The Confessions of Catherine de Medici by C.W. Gortner
Genre: Historical Fiction
Publication Date: 2010
Source: ARC from Bookbrowse
The Short Version:
Fictionalized memoir of a powerful woman, who was the last of a famous Italian dynasty, became Queen of France and spent the rest of her life keeping her children on the throne of her adopted country
Why I Read It:
I’d had C.W. Gortner’s first book (The Last Queen) on my TBR list after reading so many positive reviews but hadn’t read it yet. When I had the opportunity to get this new book through Bookbrowse, I jumped at the chance.
Orphaned at a young age, Catherine was the last of the famous Medici family of Florence. She was raised by relatives until the Medici were thrown out of Florence, at which time she lived in a convent during the siege of Florence. Her uncle, Pope Clement II brought her to Rome and then began the process of marrying her off in a way that was to his benefit.
As a teenager, she was married to the Dauphin of France. Her marriage was complicated by the presence and influence of her husband’s long term mistress. Nevertheless, she managed to perform her duty as a royal spouse and produce heirs. When Henri died at a relatively young age Catherine moved into her most well known role of Queen Mother. Three of her sons ruled as king of France and she either served as regent or influential advisor to all of them.
During Catherine’s lifetime the conflict between French Catholics and the Protestant Huguenots was a long standing and continually simmering battle. At times she supported religious tolerance and at others supported the ouster of the Huguenots. This ongoing religious and civil war was the dominant problem in France but Catherine’s focus was always on making decisions based on what would keep the Valois Monarchy on the throne.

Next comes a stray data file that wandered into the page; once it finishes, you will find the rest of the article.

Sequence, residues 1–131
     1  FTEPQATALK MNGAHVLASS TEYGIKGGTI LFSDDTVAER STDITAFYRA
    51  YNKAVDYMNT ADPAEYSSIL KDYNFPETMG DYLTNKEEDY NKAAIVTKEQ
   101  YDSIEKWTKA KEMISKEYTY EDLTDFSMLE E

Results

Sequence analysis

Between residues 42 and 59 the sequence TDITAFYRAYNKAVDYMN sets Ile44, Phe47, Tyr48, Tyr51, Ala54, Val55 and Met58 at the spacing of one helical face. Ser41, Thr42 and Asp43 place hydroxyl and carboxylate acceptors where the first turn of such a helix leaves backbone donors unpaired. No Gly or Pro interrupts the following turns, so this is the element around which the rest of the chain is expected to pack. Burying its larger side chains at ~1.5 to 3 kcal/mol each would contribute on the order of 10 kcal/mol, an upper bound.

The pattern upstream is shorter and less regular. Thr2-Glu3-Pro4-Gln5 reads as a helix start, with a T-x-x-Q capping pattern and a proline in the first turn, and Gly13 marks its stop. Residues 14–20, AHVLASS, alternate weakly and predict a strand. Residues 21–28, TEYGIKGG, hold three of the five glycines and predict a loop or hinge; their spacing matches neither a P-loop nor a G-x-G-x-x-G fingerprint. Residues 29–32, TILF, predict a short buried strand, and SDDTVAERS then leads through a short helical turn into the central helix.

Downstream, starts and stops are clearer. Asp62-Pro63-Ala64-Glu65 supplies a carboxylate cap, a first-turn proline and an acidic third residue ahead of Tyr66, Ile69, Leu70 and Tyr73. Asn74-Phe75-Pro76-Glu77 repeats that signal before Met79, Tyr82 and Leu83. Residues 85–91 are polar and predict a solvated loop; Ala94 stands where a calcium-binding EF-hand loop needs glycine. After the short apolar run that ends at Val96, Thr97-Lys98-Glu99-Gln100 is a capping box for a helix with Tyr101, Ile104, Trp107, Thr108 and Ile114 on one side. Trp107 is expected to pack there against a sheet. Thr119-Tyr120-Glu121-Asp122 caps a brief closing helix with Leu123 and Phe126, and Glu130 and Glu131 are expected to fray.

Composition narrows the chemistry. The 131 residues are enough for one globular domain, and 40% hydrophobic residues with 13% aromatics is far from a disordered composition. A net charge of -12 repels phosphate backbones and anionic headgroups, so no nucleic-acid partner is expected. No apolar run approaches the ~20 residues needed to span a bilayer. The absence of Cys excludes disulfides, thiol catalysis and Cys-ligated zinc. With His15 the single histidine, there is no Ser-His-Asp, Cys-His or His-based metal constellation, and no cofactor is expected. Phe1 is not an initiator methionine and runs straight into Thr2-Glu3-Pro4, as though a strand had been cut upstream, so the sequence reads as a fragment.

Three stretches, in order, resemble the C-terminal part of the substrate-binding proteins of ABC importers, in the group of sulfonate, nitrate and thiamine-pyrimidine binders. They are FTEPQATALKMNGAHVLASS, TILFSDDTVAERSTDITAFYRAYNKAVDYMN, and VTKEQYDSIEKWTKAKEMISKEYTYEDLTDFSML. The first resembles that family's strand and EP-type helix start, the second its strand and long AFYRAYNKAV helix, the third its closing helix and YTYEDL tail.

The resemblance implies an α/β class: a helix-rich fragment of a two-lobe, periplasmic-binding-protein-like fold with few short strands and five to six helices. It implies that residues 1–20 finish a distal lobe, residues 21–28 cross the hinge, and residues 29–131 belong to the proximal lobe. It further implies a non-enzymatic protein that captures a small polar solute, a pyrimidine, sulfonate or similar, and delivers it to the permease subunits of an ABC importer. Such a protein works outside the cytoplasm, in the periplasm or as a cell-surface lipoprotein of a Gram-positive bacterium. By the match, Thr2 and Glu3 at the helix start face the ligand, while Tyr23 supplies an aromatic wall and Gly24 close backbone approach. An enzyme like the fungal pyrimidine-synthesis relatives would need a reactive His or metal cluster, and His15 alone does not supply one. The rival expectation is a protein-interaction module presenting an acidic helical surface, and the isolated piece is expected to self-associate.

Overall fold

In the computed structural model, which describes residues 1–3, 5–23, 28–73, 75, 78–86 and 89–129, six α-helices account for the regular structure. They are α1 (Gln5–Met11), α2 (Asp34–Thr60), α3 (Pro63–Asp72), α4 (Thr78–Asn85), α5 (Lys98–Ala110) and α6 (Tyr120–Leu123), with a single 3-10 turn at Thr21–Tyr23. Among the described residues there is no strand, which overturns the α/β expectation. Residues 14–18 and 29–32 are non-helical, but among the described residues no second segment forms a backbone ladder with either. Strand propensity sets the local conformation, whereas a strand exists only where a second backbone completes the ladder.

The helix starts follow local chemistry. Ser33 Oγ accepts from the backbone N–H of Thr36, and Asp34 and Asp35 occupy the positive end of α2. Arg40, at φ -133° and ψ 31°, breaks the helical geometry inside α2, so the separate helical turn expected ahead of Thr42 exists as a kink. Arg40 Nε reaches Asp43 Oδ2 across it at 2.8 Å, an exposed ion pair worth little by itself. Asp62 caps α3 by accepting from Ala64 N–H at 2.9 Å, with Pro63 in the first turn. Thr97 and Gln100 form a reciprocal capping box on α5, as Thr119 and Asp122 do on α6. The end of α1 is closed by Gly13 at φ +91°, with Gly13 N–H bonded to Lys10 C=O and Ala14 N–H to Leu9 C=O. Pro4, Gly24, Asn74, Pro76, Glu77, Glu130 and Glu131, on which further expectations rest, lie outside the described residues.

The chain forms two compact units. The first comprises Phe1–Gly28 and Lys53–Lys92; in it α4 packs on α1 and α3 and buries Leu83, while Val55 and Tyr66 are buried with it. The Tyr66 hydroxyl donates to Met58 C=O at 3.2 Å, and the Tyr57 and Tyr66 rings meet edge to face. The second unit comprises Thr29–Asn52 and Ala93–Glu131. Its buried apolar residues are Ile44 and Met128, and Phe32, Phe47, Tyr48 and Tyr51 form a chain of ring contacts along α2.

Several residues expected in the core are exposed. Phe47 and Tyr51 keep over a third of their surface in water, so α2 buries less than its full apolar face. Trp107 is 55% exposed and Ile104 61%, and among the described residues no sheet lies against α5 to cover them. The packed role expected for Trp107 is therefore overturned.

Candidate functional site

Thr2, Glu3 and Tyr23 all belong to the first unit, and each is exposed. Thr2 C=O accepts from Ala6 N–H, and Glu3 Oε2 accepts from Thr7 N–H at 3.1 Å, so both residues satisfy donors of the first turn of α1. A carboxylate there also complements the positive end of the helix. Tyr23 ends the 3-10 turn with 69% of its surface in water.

Although Catherine de Medici has been a peripheral character in almost any 16th century European historical fiction I’ve read, I’ve never read any book focused on her. I’d already heard good things about C.W Gortner’s first book (The Last Queen), and was very happy to have been able to read an ARC of this book. It would have been a wonderful book to just totally immerse myself in over a short time, but circumstances interfered with that so it took me longer than originally anticipated to read this. Gortner’s storytelling is such that I never felt like I had to become reacquainted with the book or characters when I was able to return to it despite the large number of people and events to track. Certain things were either left out or slightly altered but I think it made the story more readable.
Catherine is such an interesting character and despite what is known of her, there is also much speculation and guesswork regarding her motives and methods. I thoroughly enjoyed the way that the author presented Catherine as a young girl eager to fulfill her expected role, a mother and politically savvy monarch. The opposing sides of her nature and actions are all present in the story and make it difficult to decide whether to love, despise or sympathize with her. I think that I ended up with somewhat mixed feelings about Catherine. She knew that as the daughter of noblemen, her life was not her own, but after the death of her husband she became a power to be reckoned with as she did everything she could to secure the throne for her children. Whether what was necessary was right or moral may not have always been what determined her actions, but perhaps her ultimate motivation was right. She was clearly a complex woman in a complex time.
I was very impressed with the character, the story and the writing. I’m looking forward to reading The Last Queen and am eagerly awaiting Gortner’s next book. I’d been heading for a return to historical fiction in my reading mix and this was just an excellent one with which to kick that off.